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Central Bank Ditches Collateral-Free Loans

The Central Bank said Thursday that it would scrap collateral-free loans by the end of the year, continuing the unwinding of emergency support for the banking sector as the economy recovers.

Auctions for collateral-free loans longer than five weeks will be stopped from Oct. 1, and the stoppage will be extended to all maturities as of Jan. 1, 2011.

"Now, at a time of stabilization in the domestic financial markets and, in particular, a normalization of the banking liquidity situation, demand for this instrument has fallen sharply," the Central Bank said.

The halt of collateral-free lending will thus "not have a negative effect on the functioning of the banking sector as a whole and will not create additional risks for the stability of lending organizations," it said.

The move was expected. Central Bank First Deputy Chairman Alexei Ulyukayev said Tuesday that the loans — introduced in fall 2008, to see banks through the worst of the economic crisis and global credit crunch — would likely be eliminated by the end of this year.

With Russia's economy and financial markets stabilizing, the Central Bank wants to reduce exposure to the risky tool and has already tightened the rules this year, making about 60 banks no longer eligible for such funding.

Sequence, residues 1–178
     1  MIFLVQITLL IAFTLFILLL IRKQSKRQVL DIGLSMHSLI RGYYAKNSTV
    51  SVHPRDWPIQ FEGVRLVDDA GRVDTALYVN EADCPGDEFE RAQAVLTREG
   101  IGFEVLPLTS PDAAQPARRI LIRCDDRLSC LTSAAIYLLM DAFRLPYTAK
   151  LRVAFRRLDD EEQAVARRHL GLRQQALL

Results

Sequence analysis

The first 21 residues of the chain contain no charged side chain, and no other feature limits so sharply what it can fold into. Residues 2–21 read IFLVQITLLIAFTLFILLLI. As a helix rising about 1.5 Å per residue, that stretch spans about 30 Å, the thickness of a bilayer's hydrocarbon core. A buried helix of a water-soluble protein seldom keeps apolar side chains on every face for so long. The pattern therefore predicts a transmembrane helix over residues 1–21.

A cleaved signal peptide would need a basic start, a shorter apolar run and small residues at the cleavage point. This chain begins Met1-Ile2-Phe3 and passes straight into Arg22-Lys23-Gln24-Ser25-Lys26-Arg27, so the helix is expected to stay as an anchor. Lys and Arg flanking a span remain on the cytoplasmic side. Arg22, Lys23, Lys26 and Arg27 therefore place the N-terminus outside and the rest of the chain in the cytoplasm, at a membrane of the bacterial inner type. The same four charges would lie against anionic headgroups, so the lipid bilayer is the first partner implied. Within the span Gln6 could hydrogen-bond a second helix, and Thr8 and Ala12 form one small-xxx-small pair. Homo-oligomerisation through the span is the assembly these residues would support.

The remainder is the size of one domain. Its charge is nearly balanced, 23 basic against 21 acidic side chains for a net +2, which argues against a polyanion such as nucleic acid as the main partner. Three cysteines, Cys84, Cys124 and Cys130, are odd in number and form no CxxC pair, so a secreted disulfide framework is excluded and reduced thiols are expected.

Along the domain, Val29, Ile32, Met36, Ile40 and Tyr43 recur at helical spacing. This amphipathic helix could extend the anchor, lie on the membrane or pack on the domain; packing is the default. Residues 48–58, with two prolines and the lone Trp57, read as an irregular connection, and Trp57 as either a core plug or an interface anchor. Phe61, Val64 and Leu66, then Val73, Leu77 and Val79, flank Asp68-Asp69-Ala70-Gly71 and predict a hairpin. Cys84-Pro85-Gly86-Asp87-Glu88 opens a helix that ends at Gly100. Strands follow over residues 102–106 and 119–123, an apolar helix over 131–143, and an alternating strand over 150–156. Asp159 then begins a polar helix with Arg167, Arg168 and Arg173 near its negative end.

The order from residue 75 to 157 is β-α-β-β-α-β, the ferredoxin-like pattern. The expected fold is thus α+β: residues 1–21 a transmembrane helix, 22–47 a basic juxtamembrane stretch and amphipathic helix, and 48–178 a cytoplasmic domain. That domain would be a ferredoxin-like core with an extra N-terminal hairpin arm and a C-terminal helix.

A revival in the domestic money market — where a rallying ruble and ample liquidity has pushed down three-month Mosprime rates to levels not seen since 2006 — has helped dampen banks' appetite for the relatively expensive collateral-free loans.

Currently, banks owe the Central Bank just 50 billion rubles ($1.6 billion) in such loans — down sharply from a peak of over 1.9 trillion rubles in February 2009.

The biggest debtor is International Industrial Bank, a top-30 lender controlled by Russian mining and shipping magnate Sergei Pugachyov.

Also known as MezhPromBank, IIB is currently in talks with the Central Bank over the restructuring of its collateral-free debt into another, collateralized instrument.

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